This means that every tenant will get 1TB of pooled storage for SharePoint Online, increased with 500MB for each licensed user. That’s a big upgrade from the previous 10GB + 500MB.

And the best part is that the increased storage is available directly!

Extra strorage for SharePoint Online

I think this is a huge improvement: it makes the Team Sites in SharePoint online a better candidate to store your shared documents, in stead of placing them on OneDrive for Business. And a team site is where those files belong, as OneDrive for Business is designed to be used just for personal files. The increase to 1TB will make that most businesses can start using SharePoint Online without the need for purchasing extra storage.

Talking about OneDrive for Businesss: there is an update there to. Where the current storage limit for OneDrive for Business is 1TB per user, Microsoft is offering unlimited OneDrive for Business storage for premium plans. Other Office 365 plans will get 5TB for each user. The first fase of rolling these upgrades has finished recently.

More information on these changes can be found in this announcement bij Microsoft.

Tagging someone in your email

One of the previously announced features just showed up in our Office 365 tenant: tagging someone in an email.

It’s fairly simply: by adding someone in the body of your email using the @-sign, you automatically add them to the recipients list of the mail. Check it out:

I start off by creating a new email. I address it to my manager and start typing.

Email tag - image 1





Somewhere along the line, I decide I want to include my colleague Robert in the conversation. I add him inline using the @-sign. Outlook for the Web picks this up, and displays some possible people I want to include. I click to select the right one.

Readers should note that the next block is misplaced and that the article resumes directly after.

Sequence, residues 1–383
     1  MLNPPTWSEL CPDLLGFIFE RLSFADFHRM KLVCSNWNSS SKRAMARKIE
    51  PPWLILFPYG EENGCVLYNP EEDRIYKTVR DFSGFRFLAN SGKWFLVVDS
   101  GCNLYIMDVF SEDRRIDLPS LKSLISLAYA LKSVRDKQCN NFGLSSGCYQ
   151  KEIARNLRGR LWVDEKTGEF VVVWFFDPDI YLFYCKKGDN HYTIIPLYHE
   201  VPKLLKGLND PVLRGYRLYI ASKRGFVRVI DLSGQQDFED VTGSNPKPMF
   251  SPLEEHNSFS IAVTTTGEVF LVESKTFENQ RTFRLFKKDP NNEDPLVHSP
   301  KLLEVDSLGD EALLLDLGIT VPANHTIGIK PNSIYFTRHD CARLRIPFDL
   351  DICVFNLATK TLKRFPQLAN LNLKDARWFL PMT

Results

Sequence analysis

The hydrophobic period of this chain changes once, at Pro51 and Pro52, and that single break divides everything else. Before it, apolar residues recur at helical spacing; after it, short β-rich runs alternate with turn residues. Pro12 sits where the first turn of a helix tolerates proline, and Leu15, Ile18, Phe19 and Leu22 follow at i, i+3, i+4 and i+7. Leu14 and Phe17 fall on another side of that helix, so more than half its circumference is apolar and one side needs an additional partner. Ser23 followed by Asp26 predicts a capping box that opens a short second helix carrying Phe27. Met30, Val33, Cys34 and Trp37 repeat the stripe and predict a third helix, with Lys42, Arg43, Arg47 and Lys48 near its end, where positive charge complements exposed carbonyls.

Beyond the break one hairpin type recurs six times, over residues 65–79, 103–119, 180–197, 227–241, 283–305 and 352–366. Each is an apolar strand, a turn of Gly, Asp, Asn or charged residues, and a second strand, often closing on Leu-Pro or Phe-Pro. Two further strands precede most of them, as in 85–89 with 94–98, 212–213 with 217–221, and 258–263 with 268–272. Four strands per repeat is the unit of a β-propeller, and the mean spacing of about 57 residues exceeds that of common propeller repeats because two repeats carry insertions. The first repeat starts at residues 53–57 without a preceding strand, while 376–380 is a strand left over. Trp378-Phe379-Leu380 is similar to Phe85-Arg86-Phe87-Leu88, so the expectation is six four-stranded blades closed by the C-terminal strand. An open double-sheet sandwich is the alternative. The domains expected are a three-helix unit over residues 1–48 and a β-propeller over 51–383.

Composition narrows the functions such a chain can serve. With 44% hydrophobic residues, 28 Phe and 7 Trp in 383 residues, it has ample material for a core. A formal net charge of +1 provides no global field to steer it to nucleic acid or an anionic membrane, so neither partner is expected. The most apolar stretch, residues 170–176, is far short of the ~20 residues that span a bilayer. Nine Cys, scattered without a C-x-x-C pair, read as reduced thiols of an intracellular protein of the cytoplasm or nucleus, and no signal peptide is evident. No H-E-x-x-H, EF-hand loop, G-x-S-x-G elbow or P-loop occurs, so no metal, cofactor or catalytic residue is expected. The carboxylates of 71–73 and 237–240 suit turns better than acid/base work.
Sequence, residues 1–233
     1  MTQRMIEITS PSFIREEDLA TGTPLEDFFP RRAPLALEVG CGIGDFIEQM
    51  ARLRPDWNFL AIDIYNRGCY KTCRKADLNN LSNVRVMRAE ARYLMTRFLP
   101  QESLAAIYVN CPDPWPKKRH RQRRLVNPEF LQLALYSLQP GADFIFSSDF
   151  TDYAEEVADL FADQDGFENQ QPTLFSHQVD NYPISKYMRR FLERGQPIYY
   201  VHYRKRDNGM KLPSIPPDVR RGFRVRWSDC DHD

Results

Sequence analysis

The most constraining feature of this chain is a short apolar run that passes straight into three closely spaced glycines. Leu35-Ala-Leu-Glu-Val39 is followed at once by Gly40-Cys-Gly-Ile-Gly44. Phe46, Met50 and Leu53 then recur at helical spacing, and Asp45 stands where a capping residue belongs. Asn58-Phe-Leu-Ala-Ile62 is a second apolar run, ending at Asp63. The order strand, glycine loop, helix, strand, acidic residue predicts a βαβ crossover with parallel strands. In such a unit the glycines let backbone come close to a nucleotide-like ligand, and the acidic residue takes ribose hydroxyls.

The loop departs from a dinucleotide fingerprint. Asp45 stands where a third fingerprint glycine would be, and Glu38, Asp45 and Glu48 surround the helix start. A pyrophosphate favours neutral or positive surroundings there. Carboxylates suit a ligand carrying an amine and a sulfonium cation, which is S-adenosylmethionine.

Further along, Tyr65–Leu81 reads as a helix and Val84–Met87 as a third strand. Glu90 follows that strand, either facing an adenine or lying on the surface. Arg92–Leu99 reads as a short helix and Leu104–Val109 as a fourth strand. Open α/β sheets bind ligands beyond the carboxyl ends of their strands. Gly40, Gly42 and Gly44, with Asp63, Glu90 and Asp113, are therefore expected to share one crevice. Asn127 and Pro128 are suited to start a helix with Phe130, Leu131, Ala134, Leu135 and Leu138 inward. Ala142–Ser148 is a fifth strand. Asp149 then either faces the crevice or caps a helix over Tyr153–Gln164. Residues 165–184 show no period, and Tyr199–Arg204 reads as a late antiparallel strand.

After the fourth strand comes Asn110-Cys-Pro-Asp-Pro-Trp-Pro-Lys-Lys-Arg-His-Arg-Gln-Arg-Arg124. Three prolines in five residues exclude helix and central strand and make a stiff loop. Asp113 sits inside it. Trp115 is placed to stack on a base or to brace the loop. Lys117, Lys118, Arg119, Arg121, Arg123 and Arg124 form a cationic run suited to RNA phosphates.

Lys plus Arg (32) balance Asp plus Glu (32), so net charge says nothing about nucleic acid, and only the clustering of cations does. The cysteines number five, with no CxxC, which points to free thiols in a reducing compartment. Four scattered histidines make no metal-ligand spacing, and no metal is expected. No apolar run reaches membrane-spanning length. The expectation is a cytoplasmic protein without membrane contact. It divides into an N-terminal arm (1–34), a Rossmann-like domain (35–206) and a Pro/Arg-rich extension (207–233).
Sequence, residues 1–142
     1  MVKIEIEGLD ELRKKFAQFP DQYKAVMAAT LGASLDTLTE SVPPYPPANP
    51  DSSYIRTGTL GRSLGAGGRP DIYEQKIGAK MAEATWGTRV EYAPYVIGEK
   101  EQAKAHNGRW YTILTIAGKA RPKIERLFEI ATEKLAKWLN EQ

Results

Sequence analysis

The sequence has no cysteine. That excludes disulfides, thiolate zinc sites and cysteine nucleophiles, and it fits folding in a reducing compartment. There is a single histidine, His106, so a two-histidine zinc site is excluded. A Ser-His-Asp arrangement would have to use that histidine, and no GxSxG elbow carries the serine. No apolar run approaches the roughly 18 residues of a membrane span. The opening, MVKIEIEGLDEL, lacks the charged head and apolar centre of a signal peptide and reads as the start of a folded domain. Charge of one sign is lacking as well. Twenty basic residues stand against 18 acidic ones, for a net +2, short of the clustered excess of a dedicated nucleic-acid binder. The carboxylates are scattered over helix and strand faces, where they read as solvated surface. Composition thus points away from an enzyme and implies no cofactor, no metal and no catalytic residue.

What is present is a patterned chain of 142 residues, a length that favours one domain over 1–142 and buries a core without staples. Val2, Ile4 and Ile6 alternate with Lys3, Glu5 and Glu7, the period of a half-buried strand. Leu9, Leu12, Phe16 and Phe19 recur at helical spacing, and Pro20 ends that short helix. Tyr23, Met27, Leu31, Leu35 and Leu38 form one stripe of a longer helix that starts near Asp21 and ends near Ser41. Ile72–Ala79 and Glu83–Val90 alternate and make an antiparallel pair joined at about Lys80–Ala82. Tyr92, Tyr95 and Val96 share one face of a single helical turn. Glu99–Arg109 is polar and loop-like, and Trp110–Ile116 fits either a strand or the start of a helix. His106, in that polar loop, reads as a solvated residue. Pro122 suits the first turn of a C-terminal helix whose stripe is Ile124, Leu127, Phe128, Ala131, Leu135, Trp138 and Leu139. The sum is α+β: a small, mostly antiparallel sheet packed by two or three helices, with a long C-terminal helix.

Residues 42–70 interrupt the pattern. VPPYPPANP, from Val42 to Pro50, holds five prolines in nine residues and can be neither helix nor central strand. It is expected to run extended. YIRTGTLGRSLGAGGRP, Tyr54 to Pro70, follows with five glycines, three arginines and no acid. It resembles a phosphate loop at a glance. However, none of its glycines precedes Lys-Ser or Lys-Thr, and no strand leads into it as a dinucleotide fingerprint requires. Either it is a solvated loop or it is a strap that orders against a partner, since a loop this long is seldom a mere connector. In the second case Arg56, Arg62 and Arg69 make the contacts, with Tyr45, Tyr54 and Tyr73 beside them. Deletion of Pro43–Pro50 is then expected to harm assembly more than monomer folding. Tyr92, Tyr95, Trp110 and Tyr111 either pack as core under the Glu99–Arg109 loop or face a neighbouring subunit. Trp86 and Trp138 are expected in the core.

Email tag - image 2






After I select Robert, he gets added in the to-field of the message.








As you can see, the name becomes a clickable link to his email address.








And that’s it! I really like this feature; it makes sure that when you add someone in an email with a ‘call to action’, the get added to the recipient list and you are sure they receive this email, even if they weren’t in the conversation before!


Redesigning your meeting room? Think Vytru.

One of the highest scoring devices when it comes to coolness, at least in my humble opinion, are Lync Room Systems.

These are ready-to-go devices to bring the Lync, or should I say Skype for Business, meeting experience to your meeting- or board room. The big downside of these however, is the price. Especially if you invested in, for example, a big TV-screen for your meeting room before, you might want to look in to something that allows you to build on those previous investments.

Vytru jumps into this gap with their Lync Room Video System, RVC for short.

The heart of the system is the ‘codec’. This is basically a NUC-based PC loaded with the Vytru software. You can attach all your existing devices to this base, be it TV-screens, USB webcams, audio devices, etcetera. This way, you can reuse your existing equipment in your new meeting room setup. The software can be used with a touchscreen device, but if you don’t have one of those you can control it using any keyboard and mouse.